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Then comes the dance proportion. His emotions are splattered across unused seats, spinning the lights around as its disco shine upon his pants that would easily be pulled from buddy Harry Style’s wardrobe. In a string of uplifting, sexy numbers, “Small Talk,” “Nice To Meet Ya,” and “Slow Hands.” Take the raspiness in this voice, for example. It’s such a detour from the sentimental tones before, but it belongs to these songs. The band’s involvement feels laidback. Although we’re not able to feel reverberation from the selected instruments coming into our bodies, we’re able to see the high on everyone’s faces.
As a side-effect, we feel at ease completely forgetting who we’re watching the live stream with. Coming up with new moves, perhaps inspired by the pointing finger, he always throws our way. Horan’s not only taking in the band member’s around him and how his interaction with them would tie into his stage presence, but while we’re not there, we’re in the back of his mind, finding tiny ways to start that teasing conversation with us too. He’s come such a long way from being the boy with the guitar who had no idea how to move his arms to now using his entire body as a vehicle for the music’s electric current. When the lights dim, showcasing a spinning room full of light up stars and the drums start harmonizing with the guitars, it’s like an earthquake of live music. Your heart feels both full and wistful for needing to be there — inevitably taking us to the last number on the sultry-inspired list, one that’ll always bring a giant spotlight to Horan’s confidence. Perhaps it’s because “Slow Hands” is the song that was heard filtered out of radio systems when he ventured out on his own due to the giant success interlaced, or its lyrics are a stark change from his emotional numbers. Either way, his charisma is on full blast.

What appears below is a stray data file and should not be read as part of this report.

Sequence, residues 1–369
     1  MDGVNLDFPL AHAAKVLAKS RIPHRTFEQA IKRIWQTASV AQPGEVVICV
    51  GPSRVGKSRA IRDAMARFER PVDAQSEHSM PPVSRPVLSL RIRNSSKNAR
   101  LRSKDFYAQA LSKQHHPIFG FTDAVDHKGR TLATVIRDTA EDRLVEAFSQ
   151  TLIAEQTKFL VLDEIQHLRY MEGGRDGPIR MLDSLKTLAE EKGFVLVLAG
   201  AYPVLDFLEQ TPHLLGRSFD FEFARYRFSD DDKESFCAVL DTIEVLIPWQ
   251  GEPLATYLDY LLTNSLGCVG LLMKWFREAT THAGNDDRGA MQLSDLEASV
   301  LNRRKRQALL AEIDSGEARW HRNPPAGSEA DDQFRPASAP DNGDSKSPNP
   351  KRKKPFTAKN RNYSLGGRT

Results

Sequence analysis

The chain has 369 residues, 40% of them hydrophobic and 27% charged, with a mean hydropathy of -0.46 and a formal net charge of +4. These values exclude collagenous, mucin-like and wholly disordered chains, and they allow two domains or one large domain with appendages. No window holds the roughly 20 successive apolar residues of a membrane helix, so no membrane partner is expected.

As he’s out of breath from dancing around the stage, he straps his guitar back on and slips into the sentiments behind the night. You can’t help but be proud of him, this genuine Irish musician that’s able to keep one enthralled for hours on end as that final ode snuck so closely upon us. He thanks his band; you can tell that each one has a bit of his personality, a tie towards him. Maybe it’s by John Bird cheekily calling out to his mom in the previous interval or hearing claps from other people in the room and therefore reading the humbling recognition coming from them too. There’s nothing much going on in this track, “Flicker,” that is, just Horan’s on a stool as he nurses his guitar with darkness surrounding, but that’s the point of it. We’re not meant to really pay attention to him but rather the crew, those seldom seen who create this world saturated with morose ballads and slinky little earworms. It’s their moment as they pack this one up.